The point of this is that the Radford police and prosecutor knew nothing about me, and instead of learning the truth as the federal judge had done, they created a fantasy Bob Shell. who was nothing like the real me.
When Marion first walked into my studio that day in April of 2002, something happened that had not happened to me since 1967 (that, too, is another story.). It was like a lightning bolt shot between us. We both felt it as Marion later told me. We shot a lot of still photos that afternoon and about twenty minutes of video. Marion was simply a natural model. Although she’d had minimal experience, doing her first modeling earlier that year, I hardly needed to direct her at all. She moved from pose to pose fluidly, and seemed to just know what looked good to the camera. After that first test session I couldn’t wait to bring her back. Problem was that she was living in Boone, NC, more than four hours away, and her old Subaru wagon wasn’t in the best of shape. But we made do and I brought her up for sessions as often as I could. That summer she was living with a tattoo artist, and she told me that he tied her up for sex. She liked being restrained, she said, but complained that he tied the ropes too tight. She brought some Polaroid photos one time that a former boyfriend had made of her tied up. The photography was amateurish, but it was clear that she enjoyed it.
By late summer I was forced to admit that I had fallen for her – hard! We had begun spending time together in the bed in my studio after shoots, but there was no sex because I was still very conflicted about the idea of a relationship with a model, and did have concern about the age difference.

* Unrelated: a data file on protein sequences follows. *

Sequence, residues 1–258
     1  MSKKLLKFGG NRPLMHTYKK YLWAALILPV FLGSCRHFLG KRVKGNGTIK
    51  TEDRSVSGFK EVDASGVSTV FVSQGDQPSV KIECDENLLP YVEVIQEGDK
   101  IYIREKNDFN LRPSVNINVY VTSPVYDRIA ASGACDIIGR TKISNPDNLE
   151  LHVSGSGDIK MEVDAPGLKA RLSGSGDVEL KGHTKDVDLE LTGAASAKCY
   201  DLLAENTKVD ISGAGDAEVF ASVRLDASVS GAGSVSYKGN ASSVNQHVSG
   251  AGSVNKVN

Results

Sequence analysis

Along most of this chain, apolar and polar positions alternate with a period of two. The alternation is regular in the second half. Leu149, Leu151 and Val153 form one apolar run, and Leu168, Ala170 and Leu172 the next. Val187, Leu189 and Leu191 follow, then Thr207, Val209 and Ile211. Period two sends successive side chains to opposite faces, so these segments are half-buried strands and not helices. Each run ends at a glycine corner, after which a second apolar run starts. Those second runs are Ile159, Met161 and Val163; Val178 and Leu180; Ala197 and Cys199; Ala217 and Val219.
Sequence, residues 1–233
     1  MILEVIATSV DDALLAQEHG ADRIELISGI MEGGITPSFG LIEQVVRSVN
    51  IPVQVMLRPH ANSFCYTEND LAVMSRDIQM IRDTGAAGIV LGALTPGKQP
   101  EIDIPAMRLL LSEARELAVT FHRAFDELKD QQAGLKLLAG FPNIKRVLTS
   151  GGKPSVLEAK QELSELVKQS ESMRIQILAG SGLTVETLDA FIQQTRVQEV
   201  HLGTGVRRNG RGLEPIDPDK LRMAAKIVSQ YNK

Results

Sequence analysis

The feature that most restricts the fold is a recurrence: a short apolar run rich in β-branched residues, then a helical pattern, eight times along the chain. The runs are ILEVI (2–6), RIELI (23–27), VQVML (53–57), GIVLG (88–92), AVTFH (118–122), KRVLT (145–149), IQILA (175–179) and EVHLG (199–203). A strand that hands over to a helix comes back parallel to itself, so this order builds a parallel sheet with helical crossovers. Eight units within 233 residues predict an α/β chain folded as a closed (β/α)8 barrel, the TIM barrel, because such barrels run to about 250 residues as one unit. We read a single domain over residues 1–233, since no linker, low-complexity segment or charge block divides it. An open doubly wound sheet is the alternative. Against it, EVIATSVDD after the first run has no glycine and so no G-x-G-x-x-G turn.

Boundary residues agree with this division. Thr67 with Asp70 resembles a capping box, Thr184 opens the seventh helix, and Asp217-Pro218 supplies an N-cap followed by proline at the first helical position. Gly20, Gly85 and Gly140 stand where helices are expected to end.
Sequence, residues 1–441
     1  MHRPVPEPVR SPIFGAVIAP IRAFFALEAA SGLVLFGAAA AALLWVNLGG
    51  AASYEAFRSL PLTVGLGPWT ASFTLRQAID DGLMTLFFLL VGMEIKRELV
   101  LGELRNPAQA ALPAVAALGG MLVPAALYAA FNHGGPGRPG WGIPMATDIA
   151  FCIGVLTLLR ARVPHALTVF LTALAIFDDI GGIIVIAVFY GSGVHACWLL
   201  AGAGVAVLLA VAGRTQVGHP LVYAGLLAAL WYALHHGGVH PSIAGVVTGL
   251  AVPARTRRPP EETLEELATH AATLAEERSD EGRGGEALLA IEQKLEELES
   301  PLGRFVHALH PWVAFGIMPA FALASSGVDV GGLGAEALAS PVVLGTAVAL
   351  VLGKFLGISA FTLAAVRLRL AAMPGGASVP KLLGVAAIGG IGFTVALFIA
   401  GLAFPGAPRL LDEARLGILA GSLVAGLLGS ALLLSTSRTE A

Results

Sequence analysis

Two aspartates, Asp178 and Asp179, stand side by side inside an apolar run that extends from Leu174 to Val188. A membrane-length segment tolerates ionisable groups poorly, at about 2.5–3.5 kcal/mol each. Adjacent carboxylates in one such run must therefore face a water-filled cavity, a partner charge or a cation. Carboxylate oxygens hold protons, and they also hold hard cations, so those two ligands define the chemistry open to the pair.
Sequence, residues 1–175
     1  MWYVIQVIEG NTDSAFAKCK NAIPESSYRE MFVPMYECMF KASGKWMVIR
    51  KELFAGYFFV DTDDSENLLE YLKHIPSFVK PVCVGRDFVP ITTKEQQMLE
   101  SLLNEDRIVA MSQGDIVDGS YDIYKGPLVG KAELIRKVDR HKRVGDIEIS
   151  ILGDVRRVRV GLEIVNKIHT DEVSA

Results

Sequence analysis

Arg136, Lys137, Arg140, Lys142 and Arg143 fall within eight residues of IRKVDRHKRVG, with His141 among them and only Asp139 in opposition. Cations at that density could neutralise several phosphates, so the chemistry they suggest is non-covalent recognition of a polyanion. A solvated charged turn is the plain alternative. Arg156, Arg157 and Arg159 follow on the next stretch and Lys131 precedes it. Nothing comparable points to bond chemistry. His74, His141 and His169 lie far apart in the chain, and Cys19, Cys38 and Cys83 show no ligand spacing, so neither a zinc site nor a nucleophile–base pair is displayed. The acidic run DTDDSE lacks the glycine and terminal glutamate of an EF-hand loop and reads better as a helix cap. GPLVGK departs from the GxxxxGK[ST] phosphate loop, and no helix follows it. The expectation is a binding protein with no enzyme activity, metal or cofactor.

Marion had taken to my studio quickly, and began assisting me when I was working with other models. In October I offered her a full-time job modeling and assisting me in my studio and office. I found her an apartment one block from my studio and she moved to Radford. The apartment was owned by the same people I rented my studio from, and was half the ground floor of a large old building. It had two bedrooms, a living room, a dining room, and the usual kitchen and bath. Lots of room. We set about furnishing it with trips to factory outlets in Southside Virginia, where there are furniture factories. Ended up with some nice stuff at very low prices.
So, we spent the rest of 2002 and the beginning of 2003 in a frenzy of work, doing photo sessions almost every day, some in my studio, and some in my “outdoor studio,” forest land I owned about a half hour’s drive away. Marion loved the outdoor shoots. She was a country girl at heart and felt completely at ease in the woods. Frequently I had to end the shoots because I was worn out, or she would want to stay until the light was too dim for pictures. After the shoots we’d usually lie around for a while on a blanket and talk just as we did in the studio bed.
I still feel that some of those outdoor photos are the best in my career. Some of them, though not bondage images, are featured in my book Erotic Bondage: Art Of Rope. I put them in as counterpoint to the bondage images. (At this time in late 2002 and early 2003 I was transitioning from film to digital. Some of the book’s images are from film, some from digital, and I don’t believe anyone can tell which is which. I’d worked since the 80s with Canon EOS cameras, so it was natural for me to take to the EOS 10D when it came along – all my lenses fit! But Nikon had invited me out to Colorado in 2002 for a product introduction, and gave me a Nikon D100 and accessories to evaluate, and so some of the photos for the book were taken with that camera, and those taken on film were shot with a Rollei 6008i, a Minolta Maxxum 9 and a Leica M7. So much for brand loyalty! All major camera brands are capable of professional results in the right hands.)
To be continued…..
About The Author: Bob Shell is a professional photographer, author and former editor in chief of Shutterbug Magazine. He is currently serving a 35 year sentence at Pocahontas State Correctional Center, Pocahontas, Virginia for involuntary manslaughter for the death of Marion Franklin, one of his former models. Mr. Shell is serving the 11th year of his sentence. To read more letters from prison by Bob Shell, click here: http://tonywarderotica.com/bob-shell-letters-from-prison-10/